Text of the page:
I began my jaunt in Cabo San Lucas getting my "Phoebe McGee" tuned.....she was due for her 10,000 mile check up. Phoebe has given me 53,000 glorious miles now.
Since I had not yet explored the East Cape, I decided now was the time to do it. Avoiding, sadly, the "camino costero" where we would have visited secluded beaches and rocky points and freshwater springs hidden deep in the mountainous interior.....because of the condition of the road...washboard, bumpy, narrow! Phoebe rejects those conditions. Another time in another vehicle.
I decided to stay in Cabo for a night and loved it so much~ended up staying for 10 days. Being retired and without an agenda, I get to do whatever I want. Within 5 minutes of arrival I met another adventurer from Santa Cruz and also a man I had met last year.....also from Santa Cruz and another couple from Finland that had been staying in Pescadero right next to me. Laurie and I have many mutual friends and she was staying a couple weeks....so we had reason to park right next to her and her 2 great dogs, Ari and Cali. After many mango margarita's, lots of home-made food and restaurant food, fabric shops, walking the dogs, sunsets, and a pirate cruise, TaZzi and I finally headed for our destination.
Our stay in Cabo was at the Villa Serena RV Park and the palapa restaurant on site is a popular spot overlooking the ocean~and serving fabulous food, i.e., my favorite....coconut shrimp. I took the picture below sitting in the restaurant, sipping a margarita and eating coconut shrimp.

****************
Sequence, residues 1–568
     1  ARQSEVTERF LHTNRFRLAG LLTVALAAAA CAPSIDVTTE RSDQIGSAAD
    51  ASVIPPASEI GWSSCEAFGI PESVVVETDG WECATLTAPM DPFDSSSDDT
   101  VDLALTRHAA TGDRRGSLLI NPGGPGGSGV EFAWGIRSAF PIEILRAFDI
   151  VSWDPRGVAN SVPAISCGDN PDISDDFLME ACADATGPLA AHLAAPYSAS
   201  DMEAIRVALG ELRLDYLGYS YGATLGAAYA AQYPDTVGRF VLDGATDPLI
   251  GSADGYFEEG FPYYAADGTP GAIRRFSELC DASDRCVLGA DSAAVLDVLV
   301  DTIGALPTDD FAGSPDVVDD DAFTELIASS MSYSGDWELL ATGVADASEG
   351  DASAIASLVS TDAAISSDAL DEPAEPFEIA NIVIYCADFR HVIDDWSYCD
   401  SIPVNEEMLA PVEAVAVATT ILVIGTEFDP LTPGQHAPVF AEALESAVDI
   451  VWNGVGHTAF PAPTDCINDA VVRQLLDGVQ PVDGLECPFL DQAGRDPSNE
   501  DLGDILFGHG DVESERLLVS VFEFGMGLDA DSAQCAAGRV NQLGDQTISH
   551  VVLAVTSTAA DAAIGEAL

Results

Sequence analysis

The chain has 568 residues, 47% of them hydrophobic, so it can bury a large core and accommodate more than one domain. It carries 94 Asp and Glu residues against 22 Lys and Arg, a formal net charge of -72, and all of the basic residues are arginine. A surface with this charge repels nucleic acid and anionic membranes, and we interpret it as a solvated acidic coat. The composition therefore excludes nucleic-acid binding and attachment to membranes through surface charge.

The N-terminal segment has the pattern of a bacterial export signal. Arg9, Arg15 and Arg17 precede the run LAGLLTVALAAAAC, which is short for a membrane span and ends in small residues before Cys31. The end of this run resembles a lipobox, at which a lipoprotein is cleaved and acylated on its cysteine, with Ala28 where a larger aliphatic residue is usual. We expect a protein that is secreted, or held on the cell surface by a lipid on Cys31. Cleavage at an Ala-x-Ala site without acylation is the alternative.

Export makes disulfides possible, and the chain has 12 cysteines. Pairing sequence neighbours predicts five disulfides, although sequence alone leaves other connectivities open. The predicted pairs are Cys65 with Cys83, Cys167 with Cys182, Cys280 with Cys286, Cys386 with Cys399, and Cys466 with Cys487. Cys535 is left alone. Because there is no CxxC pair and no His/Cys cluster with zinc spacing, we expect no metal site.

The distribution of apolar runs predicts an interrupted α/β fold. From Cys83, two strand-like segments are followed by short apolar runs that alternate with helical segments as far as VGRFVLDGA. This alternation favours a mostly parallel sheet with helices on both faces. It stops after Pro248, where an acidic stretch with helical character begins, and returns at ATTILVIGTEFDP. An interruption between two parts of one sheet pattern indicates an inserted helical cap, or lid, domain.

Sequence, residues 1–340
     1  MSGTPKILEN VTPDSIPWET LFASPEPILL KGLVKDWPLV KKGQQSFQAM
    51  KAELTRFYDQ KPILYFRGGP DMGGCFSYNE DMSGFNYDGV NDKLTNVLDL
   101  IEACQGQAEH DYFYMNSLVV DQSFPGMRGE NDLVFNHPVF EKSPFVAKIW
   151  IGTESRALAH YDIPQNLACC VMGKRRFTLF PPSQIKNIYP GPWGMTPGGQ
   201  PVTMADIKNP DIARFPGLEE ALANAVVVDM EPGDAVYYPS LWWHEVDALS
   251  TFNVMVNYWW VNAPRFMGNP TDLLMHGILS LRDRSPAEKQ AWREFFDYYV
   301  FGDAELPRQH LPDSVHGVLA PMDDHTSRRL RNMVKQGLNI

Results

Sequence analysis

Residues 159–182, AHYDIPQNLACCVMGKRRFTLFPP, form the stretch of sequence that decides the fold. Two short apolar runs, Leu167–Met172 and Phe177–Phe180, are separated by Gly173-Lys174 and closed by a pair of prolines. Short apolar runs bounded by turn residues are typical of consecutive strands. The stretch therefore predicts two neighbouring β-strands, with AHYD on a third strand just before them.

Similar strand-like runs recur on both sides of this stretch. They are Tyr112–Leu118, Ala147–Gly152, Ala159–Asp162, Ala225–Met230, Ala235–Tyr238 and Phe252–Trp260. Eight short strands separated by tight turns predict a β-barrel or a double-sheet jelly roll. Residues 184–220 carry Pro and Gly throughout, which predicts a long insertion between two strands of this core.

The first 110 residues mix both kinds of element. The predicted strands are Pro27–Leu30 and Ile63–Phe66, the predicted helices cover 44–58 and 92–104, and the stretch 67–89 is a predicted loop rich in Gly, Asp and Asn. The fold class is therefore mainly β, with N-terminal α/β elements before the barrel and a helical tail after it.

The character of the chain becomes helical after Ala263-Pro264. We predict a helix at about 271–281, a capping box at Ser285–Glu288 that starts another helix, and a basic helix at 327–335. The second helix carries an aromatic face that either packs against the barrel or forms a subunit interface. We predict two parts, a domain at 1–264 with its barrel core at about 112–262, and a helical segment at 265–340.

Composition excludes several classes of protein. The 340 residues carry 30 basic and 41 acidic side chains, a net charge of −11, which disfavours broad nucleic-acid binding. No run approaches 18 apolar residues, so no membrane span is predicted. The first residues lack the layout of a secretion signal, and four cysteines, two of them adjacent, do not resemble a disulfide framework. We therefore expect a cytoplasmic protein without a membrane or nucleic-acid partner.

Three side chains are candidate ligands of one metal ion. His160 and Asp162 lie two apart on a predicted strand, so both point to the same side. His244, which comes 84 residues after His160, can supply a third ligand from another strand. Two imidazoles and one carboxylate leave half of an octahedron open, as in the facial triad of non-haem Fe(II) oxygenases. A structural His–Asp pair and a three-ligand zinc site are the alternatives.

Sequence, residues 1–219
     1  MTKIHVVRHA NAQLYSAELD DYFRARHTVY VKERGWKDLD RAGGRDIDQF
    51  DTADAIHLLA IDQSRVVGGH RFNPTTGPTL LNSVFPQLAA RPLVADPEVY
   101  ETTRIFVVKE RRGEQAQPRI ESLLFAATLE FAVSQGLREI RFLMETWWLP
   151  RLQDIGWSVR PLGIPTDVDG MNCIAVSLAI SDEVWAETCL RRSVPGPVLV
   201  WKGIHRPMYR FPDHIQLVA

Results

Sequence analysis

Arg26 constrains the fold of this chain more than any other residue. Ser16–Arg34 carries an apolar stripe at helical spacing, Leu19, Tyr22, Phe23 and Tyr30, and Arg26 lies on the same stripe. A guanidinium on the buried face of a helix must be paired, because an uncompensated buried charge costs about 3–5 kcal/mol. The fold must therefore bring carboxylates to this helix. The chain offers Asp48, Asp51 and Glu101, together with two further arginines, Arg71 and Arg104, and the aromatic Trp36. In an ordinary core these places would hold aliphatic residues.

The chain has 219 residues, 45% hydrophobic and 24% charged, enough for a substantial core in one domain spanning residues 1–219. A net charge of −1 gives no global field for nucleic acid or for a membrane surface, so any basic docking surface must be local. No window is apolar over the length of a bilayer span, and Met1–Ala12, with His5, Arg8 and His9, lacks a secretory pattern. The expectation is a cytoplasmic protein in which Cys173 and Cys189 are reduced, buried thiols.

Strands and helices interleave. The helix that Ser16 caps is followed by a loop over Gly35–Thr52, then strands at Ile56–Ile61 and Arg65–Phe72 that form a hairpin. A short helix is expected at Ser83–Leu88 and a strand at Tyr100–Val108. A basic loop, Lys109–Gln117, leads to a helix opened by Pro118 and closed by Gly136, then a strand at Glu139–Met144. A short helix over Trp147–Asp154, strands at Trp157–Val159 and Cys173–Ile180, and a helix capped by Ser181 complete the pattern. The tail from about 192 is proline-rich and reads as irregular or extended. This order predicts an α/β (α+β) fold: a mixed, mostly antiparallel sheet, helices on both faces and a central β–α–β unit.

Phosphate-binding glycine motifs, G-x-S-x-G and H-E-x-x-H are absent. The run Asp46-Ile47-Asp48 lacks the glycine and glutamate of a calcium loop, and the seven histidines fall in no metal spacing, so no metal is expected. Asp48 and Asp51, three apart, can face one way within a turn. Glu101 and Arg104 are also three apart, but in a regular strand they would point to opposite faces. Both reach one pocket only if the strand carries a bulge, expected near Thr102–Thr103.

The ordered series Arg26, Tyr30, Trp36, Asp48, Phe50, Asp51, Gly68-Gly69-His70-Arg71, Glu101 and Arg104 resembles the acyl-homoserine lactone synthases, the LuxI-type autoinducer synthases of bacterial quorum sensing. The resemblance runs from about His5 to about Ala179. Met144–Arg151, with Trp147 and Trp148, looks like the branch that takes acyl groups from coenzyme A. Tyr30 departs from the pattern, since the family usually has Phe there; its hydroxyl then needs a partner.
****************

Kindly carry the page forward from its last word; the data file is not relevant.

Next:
Laurie is such a pirate! And I got to be a pirate, as well, when we boarded the Pirate Ship Buccaneer Queen. We embarked on an epic journey along the coastline of Los Cabos, passing the famed landmark of El Arco "the Arch" aka hole in the wall. Because of our hats and our eagerness to be pirates we got to participate heavily in the pirate show. We were not shy! And that's all I'll say about that! The pictures will speak.
Pirate Laurie and Pirate Pat
Even though this town has become a resort, you still have the feel of the "real" Baja. Roosters roam the streets, taco stands and family-owned businesses are plentiful, and a cement factory where hand-made blocks are still made. Like so much of Baja; contrast is ominous. The local Mexicans know each other by their nicknames (sobrenombres) and the untamed back country is just minutes away.
We met lots of fun and friendly people and stayed for 5-6 days.
Near the beach, but not on, is the RV Park La Trinidad, where we stayed. I think the owner, Mike, is a gringo and it is a great place to stay. It is a small park and the people were outrageously friendly and quite the "party (ers)" Hiking trails were plentiful, the pool and palapa bar immaculate. It was a bit cold and we had several storms with lots of rain while there for 3-4 days. There is also a restaurant but Mike only opens it on weekends because there are so few tourists in these hard times for all of Mexico.